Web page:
It’s time to revoke the moratorium that intellectuals and political thinkers have imposed on a certain mode of argument. From here on out, we should talk openly about the dangers that extreme political groups pose to democratic societies, even if that means we need to talk about (gulp) the lessons that include the history of Nazi Germany.

I want to say at the outset that, although this should be obvious, the United States is not now Nazi Germany. Despite all attempts by the left to portray the U.S. as a teeming majority racist country, there is no evidence that is true, even with the surge in growth among hate groups in recent years. Similarly, conspiracists on the right who project Nazi-esque totalitarian motives onto liberals and Democrats are unhinged and misguided.

Nor does it seem likely that even in the unlikely event that America descends into extremism it would ever feature horrors on the magnitude inflicted by the 20th century’s ethno-fascist powers; our demographic diversity is a bulwark and a deterrent.

Nevertheless, is should be clear that something is not right in the U.S. body politic. It’s time for a sobering check and to consider the true condition of our political health, even if doing so requires denying ourselves to daydream about what we wish it to be.

Not only because of Charlottesville do we need this examination, but also because of Oak Creek, and Dallas, and Baltimore, and so many other recent moments in which hate boiled over and erupted into uncivil violent rage. Charlottesville was a focal point of white supremacist hate; there will be others. Now is the time to condemn that particular brand of evil, but we can do more than one thing at once. We are, after all, Americans. We fought fascism in two hemispheres; we can identify and defeat it on two poles of the political continuum here at home, too. We only need to be brave enough to face it directly. It’s time to face the reality that the dark forces are conducting their war on the fringes but through the middle of the political landscape. There are real potential concerns if the middle doesn’t take steps to confine corrosive insanity to the edges.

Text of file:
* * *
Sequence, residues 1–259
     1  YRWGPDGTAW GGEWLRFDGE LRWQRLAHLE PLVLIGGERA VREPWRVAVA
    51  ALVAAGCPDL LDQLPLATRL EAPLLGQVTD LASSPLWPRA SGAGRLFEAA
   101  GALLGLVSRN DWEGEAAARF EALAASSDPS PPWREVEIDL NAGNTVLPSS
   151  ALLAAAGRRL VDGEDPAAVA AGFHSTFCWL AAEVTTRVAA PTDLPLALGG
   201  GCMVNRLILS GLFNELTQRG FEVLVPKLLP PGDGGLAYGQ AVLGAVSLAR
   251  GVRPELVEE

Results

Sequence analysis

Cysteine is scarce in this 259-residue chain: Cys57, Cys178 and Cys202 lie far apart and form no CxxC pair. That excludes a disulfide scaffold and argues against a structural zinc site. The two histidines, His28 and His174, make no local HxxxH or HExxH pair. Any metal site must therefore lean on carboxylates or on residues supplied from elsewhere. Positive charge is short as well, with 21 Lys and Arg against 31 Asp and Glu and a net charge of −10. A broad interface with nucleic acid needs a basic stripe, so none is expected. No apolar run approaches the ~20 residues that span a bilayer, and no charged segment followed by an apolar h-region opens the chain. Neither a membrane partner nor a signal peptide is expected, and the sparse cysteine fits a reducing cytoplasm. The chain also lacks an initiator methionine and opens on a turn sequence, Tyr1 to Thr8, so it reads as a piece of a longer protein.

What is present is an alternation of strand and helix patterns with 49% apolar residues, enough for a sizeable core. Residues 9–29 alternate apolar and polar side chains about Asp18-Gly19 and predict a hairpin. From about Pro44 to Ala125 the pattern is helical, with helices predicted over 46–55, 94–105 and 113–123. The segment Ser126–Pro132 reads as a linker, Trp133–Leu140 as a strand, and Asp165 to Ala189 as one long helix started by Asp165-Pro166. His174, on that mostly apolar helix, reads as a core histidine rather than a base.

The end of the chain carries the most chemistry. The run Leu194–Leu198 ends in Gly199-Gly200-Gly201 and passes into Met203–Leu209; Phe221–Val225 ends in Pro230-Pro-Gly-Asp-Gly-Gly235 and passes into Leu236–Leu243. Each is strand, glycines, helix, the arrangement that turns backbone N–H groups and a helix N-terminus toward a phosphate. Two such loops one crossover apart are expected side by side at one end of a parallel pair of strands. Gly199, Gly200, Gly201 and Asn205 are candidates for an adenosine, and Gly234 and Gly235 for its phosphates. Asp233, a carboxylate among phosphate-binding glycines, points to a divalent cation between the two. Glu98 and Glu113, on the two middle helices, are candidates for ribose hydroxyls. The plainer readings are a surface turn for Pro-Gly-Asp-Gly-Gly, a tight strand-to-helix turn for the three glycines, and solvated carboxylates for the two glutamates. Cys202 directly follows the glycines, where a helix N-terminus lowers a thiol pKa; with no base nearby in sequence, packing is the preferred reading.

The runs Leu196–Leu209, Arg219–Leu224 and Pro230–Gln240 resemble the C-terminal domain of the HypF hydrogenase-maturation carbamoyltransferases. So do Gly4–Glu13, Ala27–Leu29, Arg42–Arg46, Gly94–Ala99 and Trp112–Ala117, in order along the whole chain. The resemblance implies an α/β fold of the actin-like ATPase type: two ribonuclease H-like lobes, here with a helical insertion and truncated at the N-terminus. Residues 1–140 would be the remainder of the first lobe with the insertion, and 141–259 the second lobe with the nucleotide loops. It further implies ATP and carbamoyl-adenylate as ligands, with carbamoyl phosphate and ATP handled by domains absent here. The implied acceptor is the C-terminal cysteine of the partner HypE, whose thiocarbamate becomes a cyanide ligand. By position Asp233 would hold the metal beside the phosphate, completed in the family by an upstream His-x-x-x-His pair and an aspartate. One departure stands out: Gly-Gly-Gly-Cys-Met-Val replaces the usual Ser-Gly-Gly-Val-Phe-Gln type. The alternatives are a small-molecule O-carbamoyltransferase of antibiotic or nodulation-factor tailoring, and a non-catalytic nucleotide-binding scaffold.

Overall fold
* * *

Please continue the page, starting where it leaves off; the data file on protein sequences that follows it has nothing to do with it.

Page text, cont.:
The real danger posed by these extreme groups is not their direct impact—their raw influence is overstated, partly due to tactical shrewdness on their part and partly due to media amplification. Under normal circumstances, the clear majority of people intuitively recognize extremists for who they are and insert proper distance from them and their views. But today’s circumstances are far from normal. The real danger posed by extreme groups is different today than in the past 20 years because it manifests at a time when extremists warring in the streets occurs against the backdrop of hyper-polarized politics in the middle (relatively speaking) of the spectrum.

Political machines making maps to nowhere

There are entire machines inside of mainstream politics working to ensure that people see Democrats or Republicans as sympathetic to one extreme or the other. They are good at what they do.

The political maps generated by millions of social media posts, emails, and other forms of messaging is, to be fair, useful—the groups on the fringes are bad folks—but each side isn’t handing out the same map.

Republicans look across the line to see a movement that runs through Black Lives Matter, Linda Sansour’s Women’s March, and culminates in groups such as Antifa, the Muslim Brotherhood and the BDS movement.

Democrats stare over the barbed wire and see the Tea Party, President Trump hardcore base and the NRA coalescing into the alt-right, white supremacists and neo-Nazis.